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New Zika Clues to Birth Defect in Fetus Study, Researchers Say - ASHARQ AL-AWSAT English Archive
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Municipal workers gesture before spraying insecticide at the neighborhood of Imbiribeira in Recife, Brazil, January 26, 2016. REUTERS/Ueslei Marcelino

Municipal workers gesture before spraying insecticide at the neighborhood of Imbiribeira in Recife, Brazil, January 26, 2016. REUTERS/Ueslei Marcelino

Researchers reported on Wednesday new evidence firming the association between Zika virus and a spike in birth defects, referring to the presence of the virus in the brain of an aborted fetus of a European woman who became pregnant while living in Brazil.

An autopsy of the fetus showed microcephaly or small head size, as well as severe brain injury and high levels of the Zika virus in fetal brain tissues, surpassing levels of the virus usually found in blood samples, researchers in Slovenia from the University Medical Center in Ljubljana reported in the New England Journal of Medicine.

The findings help “strengthen the biologic association” between Zika virus infection and microcephaly, researchers from the Harvard School of Public Health and Massachusetts General Hospital in Boston, wrote in an editorial that accompanied the paper.

Researchers in Brazil are scrambling to determine whether the arrival of the Zika virus in that country has caused a major rise in microcephaly, with more than 4,000 suspected cases of the condition reported to date. Brazil has confirmed more than 400 of those cases as microcephaly, and identified the presence of Zika in 17 babies, but a link has yet to be proven.

The virus is transmitted by mosquitoes. There is no treatment or vaccine.

Professor Tatjana Aviupanc, who led the researchers in Slovenia, said in an email her team’s findings “may present the most compelling evidence to date” that birth defects associated with Zika infection in pregnancy may be caused by replication of the virus in the brain.

She said more studies are needed for definitive proof.

In the NEJM paper, the mother showed signs of Zika infection during her 13th week of pregnancy, but ultrasounds during her 14th and 20th week were normal.

It was not until the woman went back to Europe that researchers found ultrasound evidence of severe fetal abnormalities during an ultrasound in her 29th week.

That suggests that ultrasounds may pick up signs of severe fetal abnormalities “only very late in gestation – in many cases too late to terminate the pregnancy,” Drs. Eric Rubin, Michael Green and Lindsey Baden wrote in the editorial.
In the Slovenian case, the woman also detected reduced fetal movement and was told the fetus had a poor prognosis. She requested an abortion, which was approved by state and hospital ethics boards and performed at 32 weeks gestation. A normal pregnancy lasts 40 weeks.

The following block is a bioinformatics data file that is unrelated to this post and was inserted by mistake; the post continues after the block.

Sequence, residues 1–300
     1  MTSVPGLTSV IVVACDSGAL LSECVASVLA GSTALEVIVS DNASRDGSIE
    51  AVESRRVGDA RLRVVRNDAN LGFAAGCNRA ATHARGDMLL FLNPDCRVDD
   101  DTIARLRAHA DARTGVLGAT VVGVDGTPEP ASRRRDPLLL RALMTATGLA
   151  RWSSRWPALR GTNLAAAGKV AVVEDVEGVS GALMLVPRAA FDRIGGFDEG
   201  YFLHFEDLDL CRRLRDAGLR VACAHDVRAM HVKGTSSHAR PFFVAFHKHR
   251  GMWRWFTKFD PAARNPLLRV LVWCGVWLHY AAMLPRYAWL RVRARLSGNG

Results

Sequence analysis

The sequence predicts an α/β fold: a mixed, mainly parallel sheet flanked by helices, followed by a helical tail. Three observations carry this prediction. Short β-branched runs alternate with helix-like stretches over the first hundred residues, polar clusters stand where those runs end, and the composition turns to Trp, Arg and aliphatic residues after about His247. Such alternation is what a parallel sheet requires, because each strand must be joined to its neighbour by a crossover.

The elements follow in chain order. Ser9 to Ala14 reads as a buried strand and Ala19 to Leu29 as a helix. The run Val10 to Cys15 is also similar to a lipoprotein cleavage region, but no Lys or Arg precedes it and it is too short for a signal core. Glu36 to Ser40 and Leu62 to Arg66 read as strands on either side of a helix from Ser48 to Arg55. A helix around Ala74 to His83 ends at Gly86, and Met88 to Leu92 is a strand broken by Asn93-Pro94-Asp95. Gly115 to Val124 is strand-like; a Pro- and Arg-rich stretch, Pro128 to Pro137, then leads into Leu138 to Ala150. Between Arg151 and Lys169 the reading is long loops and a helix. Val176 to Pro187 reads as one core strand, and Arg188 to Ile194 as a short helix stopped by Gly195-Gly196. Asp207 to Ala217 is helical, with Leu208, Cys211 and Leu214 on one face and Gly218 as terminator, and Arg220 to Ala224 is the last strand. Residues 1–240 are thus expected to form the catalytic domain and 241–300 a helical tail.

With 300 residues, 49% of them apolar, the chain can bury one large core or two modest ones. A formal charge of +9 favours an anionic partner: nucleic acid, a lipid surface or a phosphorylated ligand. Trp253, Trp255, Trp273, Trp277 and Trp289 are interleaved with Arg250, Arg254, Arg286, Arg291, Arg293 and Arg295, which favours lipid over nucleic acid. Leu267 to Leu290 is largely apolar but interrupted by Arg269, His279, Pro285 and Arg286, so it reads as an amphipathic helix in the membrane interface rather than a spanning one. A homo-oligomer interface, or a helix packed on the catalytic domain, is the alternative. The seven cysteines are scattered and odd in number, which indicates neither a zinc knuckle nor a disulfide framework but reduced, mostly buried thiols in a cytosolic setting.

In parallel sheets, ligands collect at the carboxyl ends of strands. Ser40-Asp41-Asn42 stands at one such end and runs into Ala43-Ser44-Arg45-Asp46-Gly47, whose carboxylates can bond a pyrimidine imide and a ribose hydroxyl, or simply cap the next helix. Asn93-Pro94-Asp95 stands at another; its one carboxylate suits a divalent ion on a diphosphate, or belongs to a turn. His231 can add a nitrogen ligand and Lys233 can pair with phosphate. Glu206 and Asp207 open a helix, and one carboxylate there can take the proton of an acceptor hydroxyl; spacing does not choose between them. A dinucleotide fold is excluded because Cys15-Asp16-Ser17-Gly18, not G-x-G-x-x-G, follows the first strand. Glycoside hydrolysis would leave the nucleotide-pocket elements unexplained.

Aside from obvious microcephaly, the fetus showed no other deformities. The woman had no family history of genetic abnormalities that could have caused the microcephaly.

Researchers did an autopsy, and instead of normal grooves formed in the brain during growth, the surface of the brain was smooth and there were numerous calcifications, which are suggestive of inflammation.

Zika virus tested positive in brain samples but no other defects were found in any other fetal organs. Form the brain samples, the team was able to identify the complete genetic sequence of the Zika viral genome, which most closely matched a Zika virus strain isolated from a patient from French Polynesia in 2013 and a Zika virus strain isolated in Sao Paulo, Brazil, in 2015.

Importantly, the tests suggest that the virus selectively attacks nerve tissue, but doesn’t clearly show how it does.

In January, a team of researchers at the U.S. Centers for Disease Control and Prevention reported that they, too, found evidence of Zika virus in brain samples from Brazil taken from two miscarriages and two newborns who died shortly after birth.

CDC published full results of their findings earlier on Wednesday.

In an advice to women on Wednesday, the World Health Organization (WHO) guided women on how to protect themselves from Zika, particularly if pregnant, but also reassured them that most women in areas affected by the mosquito-borne virus will give birth to ‘normal infants.’

WHO called on pregnant women in general, including those who develop symptoms of Zika infection, to visit their health care provider for close monitoring.

Asharq Al-Awsat English

Asharq Al-Awsat English

Asharq Al-Awsat is the world’s premier pan-Arab daily newspaper, printed simultaneously each day on four continents in 14 cities. Launched in London in 1978, Asharq Al-Awsat has established itself as the decisive publication on pan-Arab and international affairs, offering its readers in-depth analysis and exclusive editorials, as well as the most comprehensive coverage of the entire Arab world.

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